Objective: To investigate contemporary Dutch practice of electroconvulsive therapy (ECT) and adherence to national and international ECT guidelines.
Methods: Among psychiatrists from all Dutch ECT sites in university and general hospitals (n = 24) and psychiatric hospitals (n = 11), a survey was conducted regarding (1) characteristics of practitioners and institutions, (2) clinical practice of ECT, and (3) technical aspects of ECT. Adherence to 16 criteria selected from (inter)national guidelines was scored.
Results: Response rate was 94% (all 24 university and general hospitals and 9 of 11 psychiatric hospitals). Most respondents had extensive experience with ECT (median, 10 years; interquartile range, 4-15 years). Annually, approximately 8.5 sessions of ECT per 10,000 inhabitants were administered. In all ECT sites, 24% used exclusively bilateral electrode placement, 26% used ultrabrief pulse width, and 36% used dosage titration methods. Many practitioners had no knowledge of pulse width (42%) or of current characteristics (12%). Of the 16 investigated criteria, 14 were followed in at least 75% of the institutions.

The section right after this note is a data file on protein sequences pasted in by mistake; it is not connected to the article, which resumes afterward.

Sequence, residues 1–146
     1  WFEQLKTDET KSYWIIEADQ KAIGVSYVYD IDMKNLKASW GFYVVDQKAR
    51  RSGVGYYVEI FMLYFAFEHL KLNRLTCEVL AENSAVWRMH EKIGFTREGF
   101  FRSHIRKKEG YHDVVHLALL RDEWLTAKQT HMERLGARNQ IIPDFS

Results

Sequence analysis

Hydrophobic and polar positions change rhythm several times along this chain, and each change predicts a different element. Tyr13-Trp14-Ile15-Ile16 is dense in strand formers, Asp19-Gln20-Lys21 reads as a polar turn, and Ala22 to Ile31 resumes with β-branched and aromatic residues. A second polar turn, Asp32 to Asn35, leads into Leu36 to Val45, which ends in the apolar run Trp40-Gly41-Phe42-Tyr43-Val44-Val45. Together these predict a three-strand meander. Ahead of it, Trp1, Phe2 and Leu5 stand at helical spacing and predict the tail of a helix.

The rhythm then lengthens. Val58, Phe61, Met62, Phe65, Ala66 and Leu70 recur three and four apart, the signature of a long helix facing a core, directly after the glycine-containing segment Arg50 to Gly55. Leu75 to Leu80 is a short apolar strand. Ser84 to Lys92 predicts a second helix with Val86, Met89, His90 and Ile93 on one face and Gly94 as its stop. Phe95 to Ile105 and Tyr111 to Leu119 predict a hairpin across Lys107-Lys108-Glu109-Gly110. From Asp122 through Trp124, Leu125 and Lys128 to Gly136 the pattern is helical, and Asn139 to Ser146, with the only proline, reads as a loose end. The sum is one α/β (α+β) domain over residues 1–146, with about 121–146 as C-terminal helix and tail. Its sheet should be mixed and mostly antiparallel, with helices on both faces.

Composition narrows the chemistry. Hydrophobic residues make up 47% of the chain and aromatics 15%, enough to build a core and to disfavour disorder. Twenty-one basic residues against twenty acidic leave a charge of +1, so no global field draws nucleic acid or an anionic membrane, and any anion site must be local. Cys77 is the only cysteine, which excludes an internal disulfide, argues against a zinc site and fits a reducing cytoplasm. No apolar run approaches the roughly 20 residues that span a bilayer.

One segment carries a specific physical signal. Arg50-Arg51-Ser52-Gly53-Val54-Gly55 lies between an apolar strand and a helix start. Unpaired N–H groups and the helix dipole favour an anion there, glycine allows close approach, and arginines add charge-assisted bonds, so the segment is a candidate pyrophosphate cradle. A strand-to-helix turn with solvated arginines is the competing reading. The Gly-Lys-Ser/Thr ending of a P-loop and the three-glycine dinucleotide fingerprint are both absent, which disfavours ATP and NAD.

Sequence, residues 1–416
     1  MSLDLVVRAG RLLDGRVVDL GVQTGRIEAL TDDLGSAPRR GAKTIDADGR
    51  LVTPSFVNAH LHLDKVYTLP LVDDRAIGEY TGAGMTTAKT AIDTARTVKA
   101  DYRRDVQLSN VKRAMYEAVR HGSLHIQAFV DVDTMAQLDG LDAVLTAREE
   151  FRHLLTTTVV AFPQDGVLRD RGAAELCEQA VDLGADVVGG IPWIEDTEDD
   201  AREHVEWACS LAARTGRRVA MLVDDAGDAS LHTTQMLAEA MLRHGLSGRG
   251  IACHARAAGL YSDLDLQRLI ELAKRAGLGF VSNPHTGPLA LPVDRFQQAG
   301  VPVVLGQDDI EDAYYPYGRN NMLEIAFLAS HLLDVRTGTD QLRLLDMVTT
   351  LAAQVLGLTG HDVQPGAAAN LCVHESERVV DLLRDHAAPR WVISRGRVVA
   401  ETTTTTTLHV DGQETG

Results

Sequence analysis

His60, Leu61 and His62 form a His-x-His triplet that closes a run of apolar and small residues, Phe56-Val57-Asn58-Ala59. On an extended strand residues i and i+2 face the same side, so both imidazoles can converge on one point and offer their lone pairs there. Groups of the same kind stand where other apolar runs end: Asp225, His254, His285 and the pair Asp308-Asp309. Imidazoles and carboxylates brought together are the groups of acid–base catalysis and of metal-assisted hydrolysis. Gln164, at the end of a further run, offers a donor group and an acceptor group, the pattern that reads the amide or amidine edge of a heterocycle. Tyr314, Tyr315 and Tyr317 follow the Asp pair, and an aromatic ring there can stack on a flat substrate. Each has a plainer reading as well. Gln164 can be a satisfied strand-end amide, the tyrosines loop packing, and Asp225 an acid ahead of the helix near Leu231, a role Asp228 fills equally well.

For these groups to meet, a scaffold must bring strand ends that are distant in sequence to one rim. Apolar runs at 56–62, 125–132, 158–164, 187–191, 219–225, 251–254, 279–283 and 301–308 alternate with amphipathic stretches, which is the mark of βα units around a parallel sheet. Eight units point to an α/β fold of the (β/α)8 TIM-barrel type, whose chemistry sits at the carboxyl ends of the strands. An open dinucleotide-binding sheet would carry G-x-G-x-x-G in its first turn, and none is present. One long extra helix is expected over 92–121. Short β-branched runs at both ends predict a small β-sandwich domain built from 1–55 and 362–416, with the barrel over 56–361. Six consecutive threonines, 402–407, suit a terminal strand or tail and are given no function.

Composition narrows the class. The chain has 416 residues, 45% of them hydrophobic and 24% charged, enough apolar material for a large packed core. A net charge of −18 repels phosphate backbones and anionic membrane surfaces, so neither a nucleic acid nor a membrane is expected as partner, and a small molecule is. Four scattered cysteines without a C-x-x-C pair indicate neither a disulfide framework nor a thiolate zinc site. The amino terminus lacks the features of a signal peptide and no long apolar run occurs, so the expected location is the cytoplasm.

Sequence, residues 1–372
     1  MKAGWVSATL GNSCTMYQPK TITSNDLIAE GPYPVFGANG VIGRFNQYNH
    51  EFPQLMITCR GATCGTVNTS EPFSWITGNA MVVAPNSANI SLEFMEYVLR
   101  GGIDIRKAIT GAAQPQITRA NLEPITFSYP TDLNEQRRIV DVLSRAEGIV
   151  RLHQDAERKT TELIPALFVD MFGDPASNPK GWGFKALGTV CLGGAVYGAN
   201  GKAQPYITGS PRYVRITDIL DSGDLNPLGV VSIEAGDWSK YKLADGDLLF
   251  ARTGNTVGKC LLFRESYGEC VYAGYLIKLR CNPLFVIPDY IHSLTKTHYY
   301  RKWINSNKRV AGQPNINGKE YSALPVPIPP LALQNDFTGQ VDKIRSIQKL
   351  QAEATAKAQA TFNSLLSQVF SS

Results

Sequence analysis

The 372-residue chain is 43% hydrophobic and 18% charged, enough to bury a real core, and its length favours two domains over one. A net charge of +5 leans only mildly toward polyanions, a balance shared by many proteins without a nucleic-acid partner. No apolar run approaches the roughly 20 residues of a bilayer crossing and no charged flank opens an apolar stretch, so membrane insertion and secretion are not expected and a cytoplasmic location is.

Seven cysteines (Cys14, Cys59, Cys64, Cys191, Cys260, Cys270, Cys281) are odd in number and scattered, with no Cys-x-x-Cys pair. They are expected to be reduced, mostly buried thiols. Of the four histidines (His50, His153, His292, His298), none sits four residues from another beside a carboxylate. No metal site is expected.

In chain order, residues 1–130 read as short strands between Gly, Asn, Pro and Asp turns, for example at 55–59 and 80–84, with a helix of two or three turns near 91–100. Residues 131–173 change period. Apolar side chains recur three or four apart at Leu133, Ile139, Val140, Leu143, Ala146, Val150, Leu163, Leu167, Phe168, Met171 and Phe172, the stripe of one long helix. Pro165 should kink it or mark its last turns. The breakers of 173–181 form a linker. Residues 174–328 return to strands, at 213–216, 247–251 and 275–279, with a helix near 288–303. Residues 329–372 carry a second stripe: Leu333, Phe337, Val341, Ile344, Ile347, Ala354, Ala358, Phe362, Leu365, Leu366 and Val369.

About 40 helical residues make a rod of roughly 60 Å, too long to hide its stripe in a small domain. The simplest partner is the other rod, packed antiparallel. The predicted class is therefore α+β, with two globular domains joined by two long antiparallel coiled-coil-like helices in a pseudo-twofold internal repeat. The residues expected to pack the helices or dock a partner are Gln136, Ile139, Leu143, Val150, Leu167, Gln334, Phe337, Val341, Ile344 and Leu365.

Conclusions: Although still increasing, the use of ECT in the Netherlands remains modest. Electroconvulsive therapy is generally practiced according to (inter)national guidelines. Electroconvulsive therapy is mostly started unilaterally, and generally, age-dependent dosage methods are being used. Knowledge on pulse width and current characteristics is limited. The implementation of updated guidelines might offer the opportunity to further improve practice and stimulate availability of ECT.